Video is an important element for East trading director Alison Lippiatt, although she questioned whether consumers really engage with detailed fit information. “I have spent a lot of time getting our head technologist to comment on exactly how a product fits, but I struggle to measure any notable difference in returns with this extra information. People will be interested in the detail if they are buying a washing machine, but on clothing it’s really about the look.”

Womenswear retailer Monsoon’s head of product, web and group trade planning Jo French agreed that integrating video is key, although this could soon be aided by new technology. “We have been working with Virtusize to let customers virtually try on dresses and the technology to have avatars of ourselves is not far away,” she said. “But it’s an interesting dilemma. Do women really want to see their actual body shape [on screen]?”

In terms of gender differences, all participants agreed that men are far less likely to return items than women. Mannix argued that women are more demanding in terms of fit and feel, as even if a virtual system says they are a size 10, that garment might not feel right when it is tried on. He also noted the sizing challenges for a department store selling 40 to 50 brands, because a customer is unlikely to be the same size across different brands.

Geographically, Germany was noted as a particularly challenging market for returns by Antony Comyns, head of ecommerce at womenswear brand Ghost and luxury shirtmaker Hawes & Curtis: “In Germany, payments are largely on invoice so consumers order lots of goods and send them back, without any money having changed hands. German companies offering invoices are now squeezing into the UK, so I think it will soon become the norm.”

The German returns rate hovers around 50%, according to Mannix, whereas the UK standard for fashion retail is 20% to 25%, rising to 40% for a pure-play etailer: “The percentage of returns has not changed in recent years, but the speed with which customers expect you to deal with them has. Allowing 28 days for a delivery is now an alien concept.”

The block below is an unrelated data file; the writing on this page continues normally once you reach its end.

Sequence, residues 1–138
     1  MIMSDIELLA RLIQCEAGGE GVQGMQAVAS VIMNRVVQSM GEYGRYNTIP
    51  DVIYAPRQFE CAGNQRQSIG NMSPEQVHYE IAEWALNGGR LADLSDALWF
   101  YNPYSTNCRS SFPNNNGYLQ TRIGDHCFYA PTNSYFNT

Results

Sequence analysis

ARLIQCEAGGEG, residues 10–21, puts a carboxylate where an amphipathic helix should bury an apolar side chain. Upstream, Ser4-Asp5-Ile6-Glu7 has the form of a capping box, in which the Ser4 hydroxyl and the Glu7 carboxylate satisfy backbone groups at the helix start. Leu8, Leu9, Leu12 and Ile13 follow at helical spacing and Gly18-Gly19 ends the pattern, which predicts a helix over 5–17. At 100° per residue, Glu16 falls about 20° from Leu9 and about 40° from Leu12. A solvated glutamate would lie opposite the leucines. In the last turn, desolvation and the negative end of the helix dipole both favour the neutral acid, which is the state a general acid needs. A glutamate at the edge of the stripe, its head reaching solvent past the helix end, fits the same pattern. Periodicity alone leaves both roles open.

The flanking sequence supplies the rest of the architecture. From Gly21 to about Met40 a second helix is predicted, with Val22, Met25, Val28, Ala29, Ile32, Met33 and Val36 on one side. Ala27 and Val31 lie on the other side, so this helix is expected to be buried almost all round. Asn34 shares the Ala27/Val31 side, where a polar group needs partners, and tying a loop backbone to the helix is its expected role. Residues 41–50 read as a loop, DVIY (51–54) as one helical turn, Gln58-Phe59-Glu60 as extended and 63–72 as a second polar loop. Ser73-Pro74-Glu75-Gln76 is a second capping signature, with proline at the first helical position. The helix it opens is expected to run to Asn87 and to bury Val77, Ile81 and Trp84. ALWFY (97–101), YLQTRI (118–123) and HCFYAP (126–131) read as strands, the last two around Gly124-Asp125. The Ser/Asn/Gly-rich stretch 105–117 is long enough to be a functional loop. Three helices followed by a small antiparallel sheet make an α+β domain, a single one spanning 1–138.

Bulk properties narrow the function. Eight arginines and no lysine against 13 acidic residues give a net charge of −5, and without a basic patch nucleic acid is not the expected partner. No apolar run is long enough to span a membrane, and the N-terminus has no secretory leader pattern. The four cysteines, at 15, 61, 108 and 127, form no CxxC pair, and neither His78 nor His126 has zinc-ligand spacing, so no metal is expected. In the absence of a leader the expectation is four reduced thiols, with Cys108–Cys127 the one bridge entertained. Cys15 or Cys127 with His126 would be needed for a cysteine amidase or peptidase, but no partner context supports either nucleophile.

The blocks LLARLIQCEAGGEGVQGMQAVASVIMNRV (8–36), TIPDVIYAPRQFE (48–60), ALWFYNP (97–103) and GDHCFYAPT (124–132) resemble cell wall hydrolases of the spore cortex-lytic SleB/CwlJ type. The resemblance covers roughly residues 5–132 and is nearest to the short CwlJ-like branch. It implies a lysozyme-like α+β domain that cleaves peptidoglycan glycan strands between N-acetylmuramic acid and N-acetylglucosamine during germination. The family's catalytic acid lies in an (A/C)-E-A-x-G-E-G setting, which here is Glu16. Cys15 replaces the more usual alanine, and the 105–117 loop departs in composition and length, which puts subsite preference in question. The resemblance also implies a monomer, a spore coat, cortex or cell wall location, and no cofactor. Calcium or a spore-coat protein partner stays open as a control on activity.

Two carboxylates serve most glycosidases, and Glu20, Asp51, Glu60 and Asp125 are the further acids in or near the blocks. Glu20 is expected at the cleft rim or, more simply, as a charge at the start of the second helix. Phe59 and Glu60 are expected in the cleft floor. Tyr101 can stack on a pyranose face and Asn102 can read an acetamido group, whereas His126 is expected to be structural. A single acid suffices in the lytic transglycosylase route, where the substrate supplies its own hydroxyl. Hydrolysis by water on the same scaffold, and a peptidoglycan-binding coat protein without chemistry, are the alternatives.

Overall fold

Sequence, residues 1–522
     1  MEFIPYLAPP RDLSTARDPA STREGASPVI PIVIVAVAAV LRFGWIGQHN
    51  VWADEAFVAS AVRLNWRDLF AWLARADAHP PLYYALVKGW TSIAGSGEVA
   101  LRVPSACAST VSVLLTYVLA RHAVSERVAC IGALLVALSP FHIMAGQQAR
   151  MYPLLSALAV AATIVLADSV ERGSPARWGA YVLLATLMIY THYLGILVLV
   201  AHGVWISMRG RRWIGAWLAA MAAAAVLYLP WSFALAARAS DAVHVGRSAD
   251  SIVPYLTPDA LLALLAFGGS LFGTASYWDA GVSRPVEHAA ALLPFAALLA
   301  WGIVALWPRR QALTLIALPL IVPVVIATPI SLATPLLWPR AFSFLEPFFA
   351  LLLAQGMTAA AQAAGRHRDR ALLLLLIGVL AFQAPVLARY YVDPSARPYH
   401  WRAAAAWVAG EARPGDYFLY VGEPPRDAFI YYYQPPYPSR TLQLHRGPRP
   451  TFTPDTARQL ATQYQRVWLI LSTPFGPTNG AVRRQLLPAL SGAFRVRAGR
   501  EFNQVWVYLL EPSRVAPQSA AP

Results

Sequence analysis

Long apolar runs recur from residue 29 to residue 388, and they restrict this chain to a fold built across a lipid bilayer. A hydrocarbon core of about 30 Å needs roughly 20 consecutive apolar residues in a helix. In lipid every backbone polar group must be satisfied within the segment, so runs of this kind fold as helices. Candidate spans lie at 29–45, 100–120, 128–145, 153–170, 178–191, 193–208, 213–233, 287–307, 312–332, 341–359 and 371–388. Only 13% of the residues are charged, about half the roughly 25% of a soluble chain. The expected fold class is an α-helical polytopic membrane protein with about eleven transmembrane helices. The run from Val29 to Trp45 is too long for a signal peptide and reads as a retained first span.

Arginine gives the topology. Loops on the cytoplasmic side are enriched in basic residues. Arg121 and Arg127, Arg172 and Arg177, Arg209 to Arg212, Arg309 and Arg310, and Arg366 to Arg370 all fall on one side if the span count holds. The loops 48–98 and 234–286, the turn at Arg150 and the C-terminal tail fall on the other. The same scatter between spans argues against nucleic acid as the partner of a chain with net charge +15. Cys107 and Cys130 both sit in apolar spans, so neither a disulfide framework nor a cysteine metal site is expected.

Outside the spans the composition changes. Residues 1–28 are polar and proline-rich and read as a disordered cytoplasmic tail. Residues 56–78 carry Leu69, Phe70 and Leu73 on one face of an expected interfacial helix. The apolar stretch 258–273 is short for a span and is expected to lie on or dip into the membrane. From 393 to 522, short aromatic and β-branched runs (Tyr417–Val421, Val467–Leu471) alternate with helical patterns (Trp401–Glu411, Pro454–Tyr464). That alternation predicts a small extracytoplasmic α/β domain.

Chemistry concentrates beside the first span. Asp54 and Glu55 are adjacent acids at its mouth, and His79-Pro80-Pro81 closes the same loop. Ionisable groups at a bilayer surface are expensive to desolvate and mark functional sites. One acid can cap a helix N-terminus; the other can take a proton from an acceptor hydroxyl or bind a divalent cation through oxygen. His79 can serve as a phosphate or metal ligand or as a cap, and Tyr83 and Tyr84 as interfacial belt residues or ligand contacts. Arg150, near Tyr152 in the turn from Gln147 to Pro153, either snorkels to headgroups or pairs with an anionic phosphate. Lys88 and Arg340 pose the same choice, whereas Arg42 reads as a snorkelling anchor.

Click-and-collect is growing considerably for Whistles, but smaller stores without a dedicated area may struggle to accommodate it during the busy Christmas period. “Refunds and click-and-collect get people in store,” said Salt. “One of the dilemmas of Collect+ is that we would be taking customers away from store.”

Peter Louden, chief operating officer of parcel service Doddle, understands the tension of outsourcing click-and-collect. “There is the fear among retailers that they could have got an extra sale, but if the convenience of the service secures the sale, then that is great.” The Doddle pilot store in Milton Keynes station has “one of the largest changing rooms in the UK”, where customers can try on garments and drop them straight back.

For Miyon Im, head of product at online fashion hub Lyst, retailers that improve the purchase experience by making returns easier will attract more customers. “It’s all about offering a differentiated experience. It could be dangerous for retailers to just look at the return rate, as it’s about the whole customer experience.”

Argos head of eBay click-and-collect Rajesh Gupta argued that free delivery and returns are the cornerstone of business today: “We are focused on free returns for Christmas and getting items back to the distribution centre as quickly as possible. Millions of pounds worth of stock are tied up in returns, so we want to reprocess packages and sell them back into the network as quickly as possible.”